Book Review – Kill Shot, by Jason Dearden


Kill Shot – A Shadow Industry, A Deadly Disease

The untold story of the worst contaminated drug crisis in U.S. history

Kill Shot, by Jason Dearden, was recently recommended to me by a colleague as a “must read” for owners of sterile compounding pharmacies, pharmacy professionals who compound sterile preparations, patients who receive sterile compounded preparations, provincial pharmacy regulators, health care professionals who administer sterile compounded preparations, and essentially anyone who is involved with the preparation and administration of compounded sterile preparations. I could not agree more.

Kill Shot reads like fiction but is the tragic true story of the negligence, deceit, and greed of two pharmacists that resulted in the death of 100 patients (and counting) from fungal meningitis. As a pharmacist and compounding consultant, I was aware of the contaminated methylprednisolone injections which were compounded by the New England Compounding Center (NECC) in 2012. I knew that patients had died from administration of these injections and that many more would die. I was aware that the pharmacists involved knew their sterile facility was contaminated with fungus and did nothing about it. I knew that pharmacists had gone to jail. What I did not know was how negligent and how deceitful Mr. Barry Cadden, part-owner of NECC and pharmacist, and Mr. Glenn Chin, supervising pharmacist at NECC, behaved in the name of greed.

In his book, Mr. Dearden takes the reader from the death of patient zero in 2012 to the Boston courtroom battle in 2017. His description of the deaths of the affected patients is heartbreaking – these were not “easy deaths”.  In Kill Shot the NECC is described as “a racket” and “a murderous one”:

“They shipped the drugs without prescriptions. They shipped drugs with expired ingredients. They ignored environmental monitoring results showing mold and bacteria in that clean room. Cadden made misrepresentations to the customers. He made misrepresentations to the sales reps that he trained.”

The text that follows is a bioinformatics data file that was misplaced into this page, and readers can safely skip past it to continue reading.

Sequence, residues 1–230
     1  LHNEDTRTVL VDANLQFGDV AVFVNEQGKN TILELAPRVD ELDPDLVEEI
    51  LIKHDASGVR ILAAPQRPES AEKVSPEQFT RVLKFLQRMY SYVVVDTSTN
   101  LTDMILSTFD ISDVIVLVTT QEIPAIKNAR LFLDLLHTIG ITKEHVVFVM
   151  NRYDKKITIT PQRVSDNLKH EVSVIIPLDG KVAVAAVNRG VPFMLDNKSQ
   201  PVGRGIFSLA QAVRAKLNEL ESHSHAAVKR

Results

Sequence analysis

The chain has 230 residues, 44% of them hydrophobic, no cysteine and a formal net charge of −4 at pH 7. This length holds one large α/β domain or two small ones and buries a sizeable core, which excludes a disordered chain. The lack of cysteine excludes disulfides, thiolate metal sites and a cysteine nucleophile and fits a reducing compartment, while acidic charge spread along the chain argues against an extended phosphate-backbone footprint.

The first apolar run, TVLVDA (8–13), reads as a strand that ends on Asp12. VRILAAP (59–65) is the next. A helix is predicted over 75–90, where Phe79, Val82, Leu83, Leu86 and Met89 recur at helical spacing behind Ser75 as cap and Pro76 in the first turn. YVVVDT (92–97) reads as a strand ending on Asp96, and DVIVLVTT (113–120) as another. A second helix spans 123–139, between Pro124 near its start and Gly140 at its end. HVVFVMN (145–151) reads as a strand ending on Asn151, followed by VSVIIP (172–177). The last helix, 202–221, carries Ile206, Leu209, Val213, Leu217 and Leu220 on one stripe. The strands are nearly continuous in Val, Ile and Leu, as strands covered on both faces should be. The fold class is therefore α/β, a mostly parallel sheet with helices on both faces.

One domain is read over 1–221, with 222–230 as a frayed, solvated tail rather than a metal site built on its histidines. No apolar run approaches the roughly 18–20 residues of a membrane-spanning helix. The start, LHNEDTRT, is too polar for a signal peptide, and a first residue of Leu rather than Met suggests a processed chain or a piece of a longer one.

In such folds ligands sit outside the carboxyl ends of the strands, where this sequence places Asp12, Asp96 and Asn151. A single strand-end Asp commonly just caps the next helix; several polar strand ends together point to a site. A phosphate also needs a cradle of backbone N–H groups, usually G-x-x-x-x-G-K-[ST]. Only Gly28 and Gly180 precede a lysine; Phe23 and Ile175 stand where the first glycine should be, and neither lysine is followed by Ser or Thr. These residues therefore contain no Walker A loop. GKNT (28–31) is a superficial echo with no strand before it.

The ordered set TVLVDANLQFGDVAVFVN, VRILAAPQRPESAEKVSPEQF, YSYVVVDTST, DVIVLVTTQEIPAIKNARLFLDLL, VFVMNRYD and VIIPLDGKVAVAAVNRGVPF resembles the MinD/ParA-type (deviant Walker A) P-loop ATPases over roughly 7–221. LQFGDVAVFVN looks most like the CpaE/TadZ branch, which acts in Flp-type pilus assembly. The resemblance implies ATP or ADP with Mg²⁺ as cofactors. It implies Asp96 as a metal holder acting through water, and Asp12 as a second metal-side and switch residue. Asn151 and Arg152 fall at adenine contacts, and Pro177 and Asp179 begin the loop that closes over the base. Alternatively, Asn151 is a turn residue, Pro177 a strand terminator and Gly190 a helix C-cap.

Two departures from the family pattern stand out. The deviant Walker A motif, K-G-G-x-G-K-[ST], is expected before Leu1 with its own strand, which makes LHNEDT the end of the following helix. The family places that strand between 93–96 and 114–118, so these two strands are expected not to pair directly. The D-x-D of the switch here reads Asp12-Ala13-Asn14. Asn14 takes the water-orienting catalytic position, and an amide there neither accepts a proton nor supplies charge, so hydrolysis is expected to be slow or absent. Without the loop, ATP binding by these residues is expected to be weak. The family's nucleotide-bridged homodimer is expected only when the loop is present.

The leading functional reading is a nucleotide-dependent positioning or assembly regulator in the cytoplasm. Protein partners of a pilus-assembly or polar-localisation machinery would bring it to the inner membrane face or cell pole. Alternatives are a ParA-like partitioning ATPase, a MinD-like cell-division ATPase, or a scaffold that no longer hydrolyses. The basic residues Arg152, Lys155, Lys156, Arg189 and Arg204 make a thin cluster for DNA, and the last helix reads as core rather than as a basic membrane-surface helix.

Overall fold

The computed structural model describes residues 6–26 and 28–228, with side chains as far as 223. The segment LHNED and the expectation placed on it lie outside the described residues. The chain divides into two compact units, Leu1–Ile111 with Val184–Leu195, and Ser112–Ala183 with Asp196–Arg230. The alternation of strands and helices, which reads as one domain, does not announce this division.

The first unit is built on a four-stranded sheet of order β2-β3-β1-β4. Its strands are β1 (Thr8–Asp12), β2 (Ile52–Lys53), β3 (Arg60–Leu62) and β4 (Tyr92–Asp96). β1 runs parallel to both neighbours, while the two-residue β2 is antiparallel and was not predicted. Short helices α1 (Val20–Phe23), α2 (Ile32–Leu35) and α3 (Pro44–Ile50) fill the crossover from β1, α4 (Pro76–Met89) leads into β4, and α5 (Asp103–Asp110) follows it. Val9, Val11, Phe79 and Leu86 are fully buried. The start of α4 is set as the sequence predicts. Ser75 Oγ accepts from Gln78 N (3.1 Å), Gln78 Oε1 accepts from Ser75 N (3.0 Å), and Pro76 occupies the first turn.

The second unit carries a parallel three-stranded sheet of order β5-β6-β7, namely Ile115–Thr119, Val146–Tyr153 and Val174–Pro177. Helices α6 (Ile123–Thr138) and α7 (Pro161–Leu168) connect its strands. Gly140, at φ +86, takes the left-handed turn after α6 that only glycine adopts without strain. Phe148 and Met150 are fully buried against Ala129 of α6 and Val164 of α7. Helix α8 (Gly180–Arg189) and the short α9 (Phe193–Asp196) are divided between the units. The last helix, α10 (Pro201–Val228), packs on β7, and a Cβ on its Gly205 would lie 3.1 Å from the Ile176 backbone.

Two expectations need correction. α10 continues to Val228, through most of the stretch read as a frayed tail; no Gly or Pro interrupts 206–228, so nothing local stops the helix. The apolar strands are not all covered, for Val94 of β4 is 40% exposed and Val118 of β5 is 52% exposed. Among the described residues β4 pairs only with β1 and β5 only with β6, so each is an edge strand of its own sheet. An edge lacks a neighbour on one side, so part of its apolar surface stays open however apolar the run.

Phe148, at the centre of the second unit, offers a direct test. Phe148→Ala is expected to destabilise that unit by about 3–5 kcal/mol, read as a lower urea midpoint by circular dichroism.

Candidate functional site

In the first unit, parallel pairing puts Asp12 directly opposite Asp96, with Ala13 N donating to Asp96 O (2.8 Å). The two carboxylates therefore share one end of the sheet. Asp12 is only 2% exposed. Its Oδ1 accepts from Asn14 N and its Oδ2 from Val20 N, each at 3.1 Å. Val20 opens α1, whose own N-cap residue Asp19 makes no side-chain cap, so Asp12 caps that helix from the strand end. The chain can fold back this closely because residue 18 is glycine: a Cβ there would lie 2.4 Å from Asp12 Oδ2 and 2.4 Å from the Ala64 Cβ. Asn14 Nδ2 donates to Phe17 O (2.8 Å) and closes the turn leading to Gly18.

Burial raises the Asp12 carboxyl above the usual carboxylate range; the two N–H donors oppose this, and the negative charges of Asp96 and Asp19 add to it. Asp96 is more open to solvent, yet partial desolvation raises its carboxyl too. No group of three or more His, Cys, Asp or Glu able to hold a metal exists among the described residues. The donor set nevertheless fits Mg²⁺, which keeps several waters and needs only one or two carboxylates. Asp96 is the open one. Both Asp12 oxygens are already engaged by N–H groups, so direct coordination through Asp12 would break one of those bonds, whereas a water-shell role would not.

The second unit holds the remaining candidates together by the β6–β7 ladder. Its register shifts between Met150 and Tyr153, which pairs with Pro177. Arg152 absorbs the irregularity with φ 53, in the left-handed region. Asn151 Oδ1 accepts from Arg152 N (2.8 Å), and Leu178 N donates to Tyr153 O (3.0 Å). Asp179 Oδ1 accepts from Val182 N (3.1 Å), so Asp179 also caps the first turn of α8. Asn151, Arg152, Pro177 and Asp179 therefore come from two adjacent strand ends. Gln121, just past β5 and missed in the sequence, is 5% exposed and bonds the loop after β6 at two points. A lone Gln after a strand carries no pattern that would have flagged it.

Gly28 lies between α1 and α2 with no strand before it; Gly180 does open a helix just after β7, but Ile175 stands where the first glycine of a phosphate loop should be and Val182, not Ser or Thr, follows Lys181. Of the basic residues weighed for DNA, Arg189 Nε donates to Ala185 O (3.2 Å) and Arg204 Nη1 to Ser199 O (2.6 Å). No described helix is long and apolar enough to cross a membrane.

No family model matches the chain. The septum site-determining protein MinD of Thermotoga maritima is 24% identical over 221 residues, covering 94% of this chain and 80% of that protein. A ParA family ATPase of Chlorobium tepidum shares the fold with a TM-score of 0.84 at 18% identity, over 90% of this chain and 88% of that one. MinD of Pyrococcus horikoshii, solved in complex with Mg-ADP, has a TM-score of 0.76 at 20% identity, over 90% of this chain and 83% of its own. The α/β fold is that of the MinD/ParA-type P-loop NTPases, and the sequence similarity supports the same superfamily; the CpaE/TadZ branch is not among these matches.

Staff at the NECC were directed to hide “ooze” coming out of cracks in the clean room floor with garbage bags and duct tape or under a garbage container.  There were flies in the clean room.  Positive tests for mold growth were ignored. To satisfy regulatory requirements, patient names were fabricated and backfilled – “Donald Trump, Silver Surfer, Fred Flintstone, John Grisham, Edgar Allen Poe, Bruce Springsteen, and Tom Brady”. Thousands of doses of high-risk compounded preparations were prepared every day by the pharmacy and shipped all over the United States.

Mr. Dearden describes the inaction by the pharmacy regulatory agencies, indicating that the inspectors were not properly trained to identify non-compliance at the NECC. When non-compliance was identified, the pharmacy was allowed to continue operations.

In 2017, Mr. Cadden and Mr. Chin were tried and found guilty of racketeering and mail fraud, not guilty of murder.

I have kept an image on my desk of the shocking growth of fungus in a patient’s spinal fluid due to the negligence of the NECC to remind me of the importance of diligence in sterile compounding pharmacies. I keep it there to remind myself of the importance of integrity, honesty, transparency, and the danger of history repeating itself.